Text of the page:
Wandering exploration and travel by armchair are two very different things. But we cannot label one as better than the other for science proves that escape within something enjoyed, especially books, brings a great relief of stress, moving one beyond the day-to-day components of life.

But oh, the joy of real travel! There is something glorious in the discovery of a new place –and there is the knowledge that when one returns home, they are somehow changed for the better. Just as a student’s growth is visible to the knowing eye of the teacher when they return from summer vacation, others notice the change in a friend who returns from sabbatical.

Travel gives birth to new thoughts, and reflections on memories perhaps otherwise forgotten; moreover it fosters creativity. In seeing more, we become more; in experiencing another culture, our souls stretch and grow. Moving beyond the steadfastness of our present lives, we once again recognize that we are more than our profession, more than a parent, someone’s child, or sibling.

The images we retain from a meaningful trip are colored by the emotions we experience when traveling. While we cannot possibly recollect it all in great detail, we bring back with us snippets, souvenirs of sorts –be it an appreciated object, purchased or found; notes on a napkin or postcard; photographs.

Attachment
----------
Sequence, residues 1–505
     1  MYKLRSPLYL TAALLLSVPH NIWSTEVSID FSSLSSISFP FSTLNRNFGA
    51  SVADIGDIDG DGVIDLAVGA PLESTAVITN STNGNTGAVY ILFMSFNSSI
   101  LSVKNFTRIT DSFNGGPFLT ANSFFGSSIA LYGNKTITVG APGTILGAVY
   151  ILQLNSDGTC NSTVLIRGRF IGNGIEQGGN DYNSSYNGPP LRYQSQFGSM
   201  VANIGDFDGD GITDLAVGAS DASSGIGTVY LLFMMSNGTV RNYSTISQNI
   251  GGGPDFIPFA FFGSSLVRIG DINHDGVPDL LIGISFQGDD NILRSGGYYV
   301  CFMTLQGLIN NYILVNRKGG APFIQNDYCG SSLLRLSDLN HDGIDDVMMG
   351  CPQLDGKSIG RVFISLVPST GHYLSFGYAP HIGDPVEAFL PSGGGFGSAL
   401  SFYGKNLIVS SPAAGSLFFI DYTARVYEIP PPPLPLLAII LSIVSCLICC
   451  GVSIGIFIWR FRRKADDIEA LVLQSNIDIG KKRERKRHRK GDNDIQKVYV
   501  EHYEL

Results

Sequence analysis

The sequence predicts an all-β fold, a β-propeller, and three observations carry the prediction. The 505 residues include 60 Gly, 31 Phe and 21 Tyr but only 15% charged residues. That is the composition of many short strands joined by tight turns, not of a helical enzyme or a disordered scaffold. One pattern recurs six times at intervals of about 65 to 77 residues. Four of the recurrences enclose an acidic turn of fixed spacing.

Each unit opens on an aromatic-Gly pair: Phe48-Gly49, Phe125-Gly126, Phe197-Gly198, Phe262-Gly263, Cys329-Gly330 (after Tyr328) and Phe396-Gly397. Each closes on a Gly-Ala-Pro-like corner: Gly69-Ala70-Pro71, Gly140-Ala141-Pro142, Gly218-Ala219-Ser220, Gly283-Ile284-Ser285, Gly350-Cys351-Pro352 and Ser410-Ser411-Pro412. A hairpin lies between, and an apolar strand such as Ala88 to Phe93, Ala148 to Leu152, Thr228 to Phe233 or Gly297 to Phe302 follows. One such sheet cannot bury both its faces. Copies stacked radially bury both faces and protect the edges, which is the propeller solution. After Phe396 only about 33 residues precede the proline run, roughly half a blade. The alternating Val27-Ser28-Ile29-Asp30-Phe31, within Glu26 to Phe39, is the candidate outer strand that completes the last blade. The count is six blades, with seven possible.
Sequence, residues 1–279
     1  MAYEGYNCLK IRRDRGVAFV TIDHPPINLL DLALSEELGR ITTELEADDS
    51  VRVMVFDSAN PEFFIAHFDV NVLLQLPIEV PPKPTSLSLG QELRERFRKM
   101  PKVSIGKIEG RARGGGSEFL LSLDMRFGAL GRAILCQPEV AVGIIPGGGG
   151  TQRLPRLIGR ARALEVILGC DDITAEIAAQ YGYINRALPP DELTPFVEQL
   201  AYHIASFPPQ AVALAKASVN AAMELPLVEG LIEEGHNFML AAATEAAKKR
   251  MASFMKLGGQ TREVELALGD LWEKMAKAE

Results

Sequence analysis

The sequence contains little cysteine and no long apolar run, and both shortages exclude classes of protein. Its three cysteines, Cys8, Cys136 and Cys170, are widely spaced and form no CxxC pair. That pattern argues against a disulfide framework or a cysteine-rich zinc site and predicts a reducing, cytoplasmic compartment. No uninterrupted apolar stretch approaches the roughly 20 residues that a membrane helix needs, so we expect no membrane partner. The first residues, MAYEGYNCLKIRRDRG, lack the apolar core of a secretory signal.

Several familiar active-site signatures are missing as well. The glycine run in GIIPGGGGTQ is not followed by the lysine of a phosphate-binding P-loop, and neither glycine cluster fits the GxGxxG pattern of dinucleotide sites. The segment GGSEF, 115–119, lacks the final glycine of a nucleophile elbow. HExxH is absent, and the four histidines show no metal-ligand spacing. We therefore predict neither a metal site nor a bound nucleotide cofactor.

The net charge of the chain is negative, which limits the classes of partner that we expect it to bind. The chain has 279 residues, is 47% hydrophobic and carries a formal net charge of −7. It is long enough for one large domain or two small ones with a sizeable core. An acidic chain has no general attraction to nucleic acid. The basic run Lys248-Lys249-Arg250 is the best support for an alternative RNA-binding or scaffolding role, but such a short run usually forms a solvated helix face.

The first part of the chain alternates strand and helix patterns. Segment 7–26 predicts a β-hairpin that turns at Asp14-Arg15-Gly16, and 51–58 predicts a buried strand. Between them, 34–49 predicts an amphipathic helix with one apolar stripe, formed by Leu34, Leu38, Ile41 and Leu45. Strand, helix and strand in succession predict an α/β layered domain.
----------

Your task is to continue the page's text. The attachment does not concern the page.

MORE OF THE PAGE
Then when the time between travels grows too long, we seek out the objects that they might transplant us to that special place again.

Go~ make plans, fill the heart with anticipation!

 

*****

ELIZABETH MOZLEY

@ElizabethMozley  &  @CentipedeYAread

And on Facebook – We Share the Same Sky, author Elizabeth Mozley

We Share the Same Sky, a memoir

https://www.amazon.com/Elizabeth-Mozley/e/B00J7KJWIU

 

Author Expo ~Gadsden, Alabama

Put something on the calendar, and I’m sure not to do it. But, isn’t life about stepping out of your comfort zone? Being somewhat reclusive and shy (although those who know me well roll their eyes and mumble just beneath their breath “whatever”) it is often difficult for me to participate in an event where I am expected to be verbally outgoing and open.

Writing it is one thing, doing it another.
The quiet folks know what I mean. You are just so “exposed” when you are right there in front of others….talking.  What I didn’t anticipate from this social engagement was – well, any of what actually took place. Allow me to explain.

This year, Gadsden Public Library hosted the Alabama Library Association Annual Convention. Being a hometown girl, I was graciously extended an invitation. This in itself garnered a smile. But, the idea of an Author Expo which is hosting 32 Alabama authors, companies from across the country -who graciously sponsor the authors -and more than 500 librarians, was enough to make me hesitate and then take two steps back. That is a lot of people! And yet, I was pleasantly surprised to realize that deep down, I absolutely couldn’t wait to attend. After all, I would be surrounded by people like me –writers and readers who eat, breathe and live for a love of words!